Movements can be divided into three main classes: voluntary activity, rhythmic motor patterns, and reflex responses. The highest-order activity is voluntary movement which allows for expression of the will and a purposeful response to the environment (e.g. reading, speaking, and performing calculations). Such activity is goal directed and largely learned, and improves with practice. In rhythmic motor patterns, the initiation and termination may be voluntary, but the rhythmic activity itself does not require conscious participation (e.g. chewing, walking, and running). Reflex responses are simple stereotyped responses that do not involve voluntary control (e.g. deep tendon reflexes or withdrawal of a limb from a hot flame).
Motor control is carried out in a hierarchical yet parallel fashion in the cerebral cortex, the brainstem, and the spinal cord ( CD Figure. . . . 5). Modulating influences are provided by the basal ganglia and cerebellum through the thalamus.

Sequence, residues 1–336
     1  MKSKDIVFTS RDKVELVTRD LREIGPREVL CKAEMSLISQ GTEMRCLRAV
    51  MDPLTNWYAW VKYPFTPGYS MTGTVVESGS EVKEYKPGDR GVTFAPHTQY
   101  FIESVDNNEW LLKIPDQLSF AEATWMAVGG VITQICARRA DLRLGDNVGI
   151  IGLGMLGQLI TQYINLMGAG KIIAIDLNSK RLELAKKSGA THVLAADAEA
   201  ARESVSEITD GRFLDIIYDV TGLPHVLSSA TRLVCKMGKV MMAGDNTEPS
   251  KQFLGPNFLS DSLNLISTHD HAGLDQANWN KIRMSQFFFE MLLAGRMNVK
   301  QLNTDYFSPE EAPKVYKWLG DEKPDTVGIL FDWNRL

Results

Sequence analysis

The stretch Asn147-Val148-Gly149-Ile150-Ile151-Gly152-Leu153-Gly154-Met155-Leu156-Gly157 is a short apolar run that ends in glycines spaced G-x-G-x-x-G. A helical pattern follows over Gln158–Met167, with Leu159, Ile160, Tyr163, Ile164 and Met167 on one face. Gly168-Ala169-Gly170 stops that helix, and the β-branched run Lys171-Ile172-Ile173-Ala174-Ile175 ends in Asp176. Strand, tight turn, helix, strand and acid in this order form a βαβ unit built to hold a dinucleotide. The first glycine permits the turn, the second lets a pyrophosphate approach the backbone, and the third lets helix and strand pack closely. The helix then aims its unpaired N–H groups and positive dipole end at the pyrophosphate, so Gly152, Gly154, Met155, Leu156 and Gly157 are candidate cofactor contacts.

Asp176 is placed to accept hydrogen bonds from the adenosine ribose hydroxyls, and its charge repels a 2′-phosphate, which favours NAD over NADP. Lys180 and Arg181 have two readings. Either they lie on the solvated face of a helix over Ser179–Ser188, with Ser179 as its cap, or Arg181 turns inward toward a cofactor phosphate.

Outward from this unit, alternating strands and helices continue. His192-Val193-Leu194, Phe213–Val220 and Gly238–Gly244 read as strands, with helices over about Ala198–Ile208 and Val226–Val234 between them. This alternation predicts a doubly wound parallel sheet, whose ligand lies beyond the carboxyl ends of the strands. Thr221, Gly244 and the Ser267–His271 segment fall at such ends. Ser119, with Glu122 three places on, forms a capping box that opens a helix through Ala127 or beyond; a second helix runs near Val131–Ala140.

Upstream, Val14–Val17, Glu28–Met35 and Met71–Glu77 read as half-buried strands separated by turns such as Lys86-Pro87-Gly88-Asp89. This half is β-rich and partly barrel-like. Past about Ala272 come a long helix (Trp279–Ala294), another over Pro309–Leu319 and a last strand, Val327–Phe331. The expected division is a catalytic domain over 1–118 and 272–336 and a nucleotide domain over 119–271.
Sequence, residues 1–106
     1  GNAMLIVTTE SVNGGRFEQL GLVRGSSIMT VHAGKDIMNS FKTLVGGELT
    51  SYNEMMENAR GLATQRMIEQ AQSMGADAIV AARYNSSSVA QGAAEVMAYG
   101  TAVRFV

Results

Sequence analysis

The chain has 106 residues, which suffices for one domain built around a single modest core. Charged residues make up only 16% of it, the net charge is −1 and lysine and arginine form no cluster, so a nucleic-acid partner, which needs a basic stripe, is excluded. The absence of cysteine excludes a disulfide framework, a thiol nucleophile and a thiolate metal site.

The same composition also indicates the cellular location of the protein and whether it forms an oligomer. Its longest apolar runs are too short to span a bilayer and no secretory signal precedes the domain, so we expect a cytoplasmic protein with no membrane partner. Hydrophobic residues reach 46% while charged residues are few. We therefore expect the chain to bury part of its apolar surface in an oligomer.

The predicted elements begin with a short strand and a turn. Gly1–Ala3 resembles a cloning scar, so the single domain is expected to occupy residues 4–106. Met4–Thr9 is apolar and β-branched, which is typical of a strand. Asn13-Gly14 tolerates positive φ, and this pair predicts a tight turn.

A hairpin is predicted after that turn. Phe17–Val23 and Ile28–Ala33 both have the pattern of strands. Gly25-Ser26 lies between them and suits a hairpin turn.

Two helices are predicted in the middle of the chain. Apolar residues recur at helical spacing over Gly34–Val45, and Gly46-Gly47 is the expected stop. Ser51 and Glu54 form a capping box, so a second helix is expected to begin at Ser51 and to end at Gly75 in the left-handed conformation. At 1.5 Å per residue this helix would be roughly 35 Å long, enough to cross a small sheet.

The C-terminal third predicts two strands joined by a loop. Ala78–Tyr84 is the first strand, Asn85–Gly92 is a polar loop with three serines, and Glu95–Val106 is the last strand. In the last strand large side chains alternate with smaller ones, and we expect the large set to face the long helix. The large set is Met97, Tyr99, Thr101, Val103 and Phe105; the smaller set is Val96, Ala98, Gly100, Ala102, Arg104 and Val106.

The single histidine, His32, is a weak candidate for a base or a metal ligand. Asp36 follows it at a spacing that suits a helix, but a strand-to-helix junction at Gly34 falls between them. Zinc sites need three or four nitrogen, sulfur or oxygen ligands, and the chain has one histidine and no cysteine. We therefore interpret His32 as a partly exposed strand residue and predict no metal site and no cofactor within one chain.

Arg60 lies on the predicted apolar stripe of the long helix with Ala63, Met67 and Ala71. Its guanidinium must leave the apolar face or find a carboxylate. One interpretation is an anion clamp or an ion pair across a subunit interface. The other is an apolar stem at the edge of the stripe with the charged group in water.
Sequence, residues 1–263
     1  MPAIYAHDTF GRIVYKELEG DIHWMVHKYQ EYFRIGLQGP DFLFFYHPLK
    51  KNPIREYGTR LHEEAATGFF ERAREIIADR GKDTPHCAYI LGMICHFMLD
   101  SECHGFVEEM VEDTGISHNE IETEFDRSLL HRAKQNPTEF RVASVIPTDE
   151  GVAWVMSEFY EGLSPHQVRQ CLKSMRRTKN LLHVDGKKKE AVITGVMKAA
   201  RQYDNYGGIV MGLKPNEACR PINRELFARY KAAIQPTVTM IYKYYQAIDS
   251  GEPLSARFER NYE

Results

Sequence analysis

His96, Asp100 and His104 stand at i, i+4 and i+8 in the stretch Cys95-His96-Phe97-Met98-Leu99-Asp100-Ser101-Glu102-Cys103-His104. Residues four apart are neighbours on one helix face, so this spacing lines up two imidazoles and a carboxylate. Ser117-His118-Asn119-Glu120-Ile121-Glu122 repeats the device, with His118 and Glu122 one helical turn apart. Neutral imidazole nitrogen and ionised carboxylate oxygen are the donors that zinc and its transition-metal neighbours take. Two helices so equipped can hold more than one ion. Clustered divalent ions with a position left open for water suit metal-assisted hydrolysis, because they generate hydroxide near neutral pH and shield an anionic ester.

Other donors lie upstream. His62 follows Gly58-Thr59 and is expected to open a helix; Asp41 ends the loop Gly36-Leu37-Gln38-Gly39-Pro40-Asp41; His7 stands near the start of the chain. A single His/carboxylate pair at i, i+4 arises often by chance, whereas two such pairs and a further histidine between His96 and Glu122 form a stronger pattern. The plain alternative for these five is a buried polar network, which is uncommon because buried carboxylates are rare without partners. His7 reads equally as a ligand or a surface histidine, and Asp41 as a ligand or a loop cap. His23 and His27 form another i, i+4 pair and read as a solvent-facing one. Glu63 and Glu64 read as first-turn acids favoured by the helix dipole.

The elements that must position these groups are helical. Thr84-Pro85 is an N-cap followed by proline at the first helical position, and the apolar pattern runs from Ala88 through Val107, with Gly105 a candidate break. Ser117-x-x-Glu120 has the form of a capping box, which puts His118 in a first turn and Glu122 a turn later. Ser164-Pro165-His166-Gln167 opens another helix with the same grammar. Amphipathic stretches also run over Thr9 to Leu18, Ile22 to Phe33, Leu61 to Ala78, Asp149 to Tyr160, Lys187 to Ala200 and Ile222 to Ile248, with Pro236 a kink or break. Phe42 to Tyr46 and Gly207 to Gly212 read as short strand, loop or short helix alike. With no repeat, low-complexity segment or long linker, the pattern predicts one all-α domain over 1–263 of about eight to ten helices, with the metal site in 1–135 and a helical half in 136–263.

CD Figure 5. The organization of the motor system, showing the hierarchical and parallel control of the cerebral cortex motor areas by the cerebullum and basal ganglia through relay nuclei in the thalamus. From the cortex, pathways travel directly to the spinal cord motor neurons, or first through brainstem centers. Muscle sensory receptors provide feedback to spinal cord segments allowing reflex adjustments. (Adapted with permission from Kandel et al.(1991).
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